Enter the roadbike, and him disappearing to the Cradle of Humankind at least once a weekend, sometimes more, to train ahead of this epic event, leaving me at home with the boys for significant chunks of every weekend.
“Wow, you let Brett go cycling,” people said. “Don’t you feel like you’re left alone to do everything?” they said. “What about your family life?” they said.
Well, here’s the thing.
There’s nothing about me ‘letting’ Brett go cycling. Brett took up a hobby that was 100% in the interests of him losing weight, improving his health, and having a social Thing that saw him spending down-time with people outside of his work environment. This hobby saw him building new friendships with some incredible people, and having a personal goal to work towards.
And that thing about improving his health? It means that he’ll actually be around longer for our family, because he’s healthy, he’s lost a lot of weight, and he’s managing stress so much better by exercising through it.
When he not only rode the 94.7 last year, but did it pulling one of the CHOC ice cream bikes, I couldn’t have been more proud of him, or more inspired. Don’t get me wrong, there was absolutely no FOMO about the ice-cream bike part of it - none at all. But there was a lot of FOMO about the achievement of having set a huge goal, and achieving it – and then some.
So. 2014 rolled around – and I thought I’d make it the year of “eat less and move more” – so I started spinning three times a week, so that I could actually have fun on the bike that he'd bought me a month or two earlier. Somewhere around the time that Brett rode the Argus, he also signed up for the Tsogo Sun Amashova Classic, and this year’s edition of the 94.7.
And I did too. And I'll sign up for Argus when it opens for next year as well. Because I can’t remember when last I set myself a big goal, and had to put some skin on the line to achieve it, and I figured that this was the time to do it.
And, going back to the people who said “Don’t you feel like you’re left alone to do everything?”… The only time I can find in my day to go spinning is to be at the 5h15 class. Which means that three mornings a week, I’m out of the house by 5h00, and I get back at 6h30. I have a half hour to shower, get dressed, dry my hair, do my make up and eat breakfast, to be out of the door by 7h00. And here’s the thing.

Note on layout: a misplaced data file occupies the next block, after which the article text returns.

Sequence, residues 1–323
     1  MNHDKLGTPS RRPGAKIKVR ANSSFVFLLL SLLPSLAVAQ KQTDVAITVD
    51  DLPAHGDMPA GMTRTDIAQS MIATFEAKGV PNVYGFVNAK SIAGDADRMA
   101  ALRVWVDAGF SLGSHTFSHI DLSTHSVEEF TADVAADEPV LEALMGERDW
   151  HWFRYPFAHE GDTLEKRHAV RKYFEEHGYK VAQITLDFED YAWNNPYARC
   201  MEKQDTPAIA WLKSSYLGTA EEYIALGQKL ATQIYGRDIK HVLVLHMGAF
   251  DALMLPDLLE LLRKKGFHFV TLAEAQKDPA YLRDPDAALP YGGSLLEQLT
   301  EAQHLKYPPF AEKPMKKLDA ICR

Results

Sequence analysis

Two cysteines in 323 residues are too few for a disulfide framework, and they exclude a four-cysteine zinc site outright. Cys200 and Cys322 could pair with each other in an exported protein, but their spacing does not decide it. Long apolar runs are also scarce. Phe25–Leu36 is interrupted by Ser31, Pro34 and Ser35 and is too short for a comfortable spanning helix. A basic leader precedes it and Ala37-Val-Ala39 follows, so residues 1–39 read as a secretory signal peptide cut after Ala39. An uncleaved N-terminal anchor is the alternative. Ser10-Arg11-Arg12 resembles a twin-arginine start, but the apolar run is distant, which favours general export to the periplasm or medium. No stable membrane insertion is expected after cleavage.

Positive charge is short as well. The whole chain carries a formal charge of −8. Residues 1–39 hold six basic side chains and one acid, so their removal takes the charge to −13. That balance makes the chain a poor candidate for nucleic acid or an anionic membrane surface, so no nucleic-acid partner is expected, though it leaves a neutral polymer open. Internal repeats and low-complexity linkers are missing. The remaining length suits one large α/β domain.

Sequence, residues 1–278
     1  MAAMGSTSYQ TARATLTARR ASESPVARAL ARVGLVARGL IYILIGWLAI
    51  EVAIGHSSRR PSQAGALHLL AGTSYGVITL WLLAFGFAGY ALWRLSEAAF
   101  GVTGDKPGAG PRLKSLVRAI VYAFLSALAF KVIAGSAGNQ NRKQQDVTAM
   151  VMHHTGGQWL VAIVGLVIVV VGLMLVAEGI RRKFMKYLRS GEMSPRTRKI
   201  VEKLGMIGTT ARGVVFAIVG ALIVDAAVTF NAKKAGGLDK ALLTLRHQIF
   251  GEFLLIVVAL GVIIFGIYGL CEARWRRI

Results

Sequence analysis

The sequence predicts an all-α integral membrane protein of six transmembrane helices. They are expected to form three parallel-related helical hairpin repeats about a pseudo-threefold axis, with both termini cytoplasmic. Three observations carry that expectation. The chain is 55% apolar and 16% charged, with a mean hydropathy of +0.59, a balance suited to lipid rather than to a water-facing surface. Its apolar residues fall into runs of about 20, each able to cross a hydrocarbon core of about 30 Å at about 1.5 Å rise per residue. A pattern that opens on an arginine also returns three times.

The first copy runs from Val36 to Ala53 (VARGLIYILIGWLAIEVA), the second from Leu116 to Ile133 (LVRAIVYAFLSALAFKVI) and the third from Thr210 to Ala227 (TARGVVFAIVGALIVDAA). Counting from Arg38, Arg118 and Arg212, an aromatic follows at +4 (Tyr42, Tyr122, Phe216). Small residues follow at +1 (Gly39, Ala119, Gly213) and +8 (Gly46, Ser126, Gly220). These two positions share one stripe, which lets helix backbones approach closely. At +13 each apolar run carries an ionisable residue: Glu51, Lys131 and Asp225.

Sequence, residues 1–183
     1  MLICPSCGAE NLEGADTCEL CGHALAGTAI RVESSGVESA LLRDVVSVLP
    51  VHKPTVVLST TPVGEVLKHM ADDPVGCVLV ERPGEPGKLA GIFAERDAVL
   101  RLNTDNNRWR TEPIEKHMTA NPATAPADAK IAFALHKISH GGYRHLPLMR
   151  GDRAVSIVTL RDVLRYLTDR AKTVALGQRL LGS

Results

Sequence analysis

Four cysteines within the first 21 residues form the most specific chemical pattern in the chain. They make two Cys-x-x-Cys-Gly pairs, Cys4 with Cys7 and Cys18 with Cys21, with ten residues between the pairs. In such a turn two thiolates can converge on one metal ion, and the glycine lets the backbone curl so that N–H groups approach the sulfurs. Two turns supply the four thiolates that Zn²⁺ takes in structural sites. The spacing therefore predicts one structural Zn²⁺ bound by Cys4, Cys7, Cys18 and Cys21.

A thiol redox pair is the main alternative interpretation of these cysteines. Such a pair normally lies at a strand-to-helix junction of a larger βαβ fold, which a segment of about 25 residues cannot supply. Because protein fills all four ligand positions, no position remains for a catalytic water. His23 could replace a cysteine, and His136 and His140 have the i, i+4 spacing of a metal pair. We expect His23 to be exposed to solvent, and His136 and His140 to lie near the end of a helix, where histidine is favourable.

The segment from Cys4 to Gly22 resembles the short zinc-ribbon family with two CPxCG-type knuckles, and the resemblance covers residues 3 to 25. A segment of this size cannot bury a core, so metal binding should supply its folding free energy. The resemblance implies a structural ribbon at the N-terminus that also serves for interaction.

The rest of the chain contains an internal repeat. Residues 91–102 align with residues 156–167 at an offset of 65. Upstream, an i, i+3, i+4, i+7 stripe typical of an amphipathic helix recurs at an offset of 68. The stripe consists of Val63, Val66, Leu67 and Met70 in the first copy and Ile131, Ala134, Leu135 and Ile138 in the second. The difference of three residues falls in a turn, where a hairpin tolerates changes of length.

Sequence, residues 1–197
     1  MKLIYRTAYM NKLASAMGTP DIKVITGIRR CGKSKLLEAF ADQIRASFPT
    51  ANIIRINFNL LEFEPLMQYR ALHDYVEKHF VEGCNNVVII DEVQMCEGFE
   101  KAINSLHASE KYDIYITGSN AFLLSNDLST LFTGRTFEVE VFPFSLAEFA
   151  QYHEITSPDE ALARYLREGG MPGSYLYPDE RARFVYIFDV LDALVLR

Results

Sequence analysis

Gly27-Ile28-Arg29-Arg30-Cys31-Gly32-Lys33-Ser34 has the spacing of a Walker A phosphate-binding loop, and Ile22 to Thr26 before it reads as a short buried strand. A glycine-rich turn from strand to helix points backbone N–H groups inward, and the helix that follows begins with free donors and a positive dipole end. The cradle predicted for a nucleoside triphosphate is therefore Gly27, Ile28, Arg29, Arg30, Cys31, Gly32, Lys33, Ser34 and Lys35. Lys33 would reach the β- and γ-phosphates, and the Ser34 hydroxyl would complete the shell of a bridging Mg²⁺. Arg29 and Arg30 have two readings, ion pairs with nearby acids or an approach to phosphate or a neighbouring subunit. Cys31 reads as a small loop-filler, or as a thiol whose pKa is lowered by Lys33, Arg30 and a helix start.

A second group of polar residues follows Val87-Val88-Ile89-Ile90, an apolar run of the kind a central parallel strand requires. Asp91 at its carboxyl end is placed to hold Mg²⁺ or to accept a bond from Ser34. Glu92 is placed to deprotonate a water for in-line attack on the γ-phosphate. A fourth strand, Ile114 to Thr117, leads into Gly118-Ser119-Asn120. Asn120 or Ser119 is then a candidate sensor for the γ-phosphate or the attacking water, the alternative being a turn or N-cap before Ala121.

Before I started spinning in the mornings, I really did feel like I did nearly everything around the house, particularly in the mornings. But Brett and I have worked this out together, and he does everything for the boys on the mornings I spin – makes school lunches, gets them up, dressed, breakfasted, and ready for school. And I don’t feel like I do nearly everything any more, because, much as cycling is a solitary sport, we are working more like a team than ever.
I do carry (additional) burdens of mother’s guilt when I’m out on the road over the weekend training, I won’t lie. I won’t go out on the road more than once over a weekend – but I also know that my boys absolutely love spending time with my mom, Brett’s mom and her partner. It’s a treat for them to sleep out, just like the opportunity to get on my bike and cycle early in the morning, is a treat for me.
The result of all of this? I am incredibly, immensely proud of my husband (even more than I was before all this), and I’m inspired by the journey he has cycled over the last year and a half. He's kept on setting himself goals, and achieving them, and in two days' time he leaves on the 700km-in-7-days Altech Autopage Jozi to Kozi "Migration of the Soul" / Madness. This writer has no words - he's just amazing.
I’m proud of myself for getting this far with my own training goals, and the fact that I’m also raising funds for CHOC.
I am loving how our family has become more active, and much more healthy. We take great pleasure in cycling together – we occasionally do rides with the boys, or take them along on events like the recent Freedom Ride, because cycling really can be a family sport, once your children are a bit older.
And yes, we do have to juggle our diaries a little more than before all this, but I’m comfortable with that. Because we are all healthier, and Brett and I are showing our boys that big goals can be achieved if you put in the time and effort.